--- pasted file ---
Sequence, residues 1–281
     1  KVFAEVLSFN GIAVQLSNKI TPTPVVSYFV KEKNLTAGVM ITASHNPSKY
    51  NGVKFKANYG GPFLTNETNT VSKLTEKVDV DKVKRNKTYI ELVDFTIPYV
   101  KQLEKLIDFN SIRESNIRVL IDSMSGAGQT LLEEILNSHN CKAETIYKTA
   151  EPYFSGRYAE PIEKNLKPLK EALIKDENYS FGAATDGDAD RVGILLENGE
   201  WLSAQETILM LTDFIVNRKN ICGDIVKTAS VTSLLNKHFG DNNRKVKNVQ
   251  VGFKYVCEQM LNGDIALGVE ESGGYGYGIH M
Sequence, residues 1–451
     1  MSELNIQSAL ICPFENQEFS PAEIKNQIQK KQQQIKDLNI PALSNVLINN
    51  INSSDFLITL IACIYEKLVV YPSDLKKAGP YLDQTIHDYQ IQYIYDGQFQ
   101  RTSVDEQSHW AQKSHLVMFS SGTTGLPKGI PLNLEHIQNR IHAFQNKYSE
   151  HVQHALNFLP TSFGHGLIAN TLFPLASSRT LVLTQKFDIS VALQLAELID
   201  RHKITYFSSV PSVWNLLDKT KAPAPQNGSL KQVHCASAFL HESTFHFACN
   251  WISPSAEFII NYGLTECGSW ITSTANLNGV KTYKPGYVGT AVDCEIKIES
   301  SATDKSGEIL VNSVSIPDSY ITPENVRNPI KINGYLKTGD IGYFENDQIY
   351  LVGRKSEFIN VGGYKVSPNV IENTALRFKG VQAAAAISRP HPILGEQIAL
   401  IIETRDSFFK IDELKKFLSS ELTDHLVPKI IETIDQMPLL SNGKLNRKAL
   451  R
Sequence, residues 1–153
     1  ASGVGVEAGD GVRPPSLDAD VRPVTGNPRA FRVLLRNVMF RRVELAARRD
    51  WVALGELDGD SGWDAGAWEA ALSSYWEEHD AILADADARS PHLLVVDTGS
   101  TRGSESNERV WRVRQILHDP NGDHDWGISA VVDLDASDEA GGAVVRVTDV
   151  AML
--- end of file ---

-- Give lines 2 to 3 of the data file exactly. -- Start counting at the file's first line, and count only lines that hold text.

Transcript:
     1  KVFAEVLSFN GIAVQLSNKI TPTPVVSYFV KEKNLTAGVM ITASHNPSKY
    51  NGVKFKANYG GPFLTNETNT VSKLTEKVDV DKVKRNKTYI ELVDFTIPYV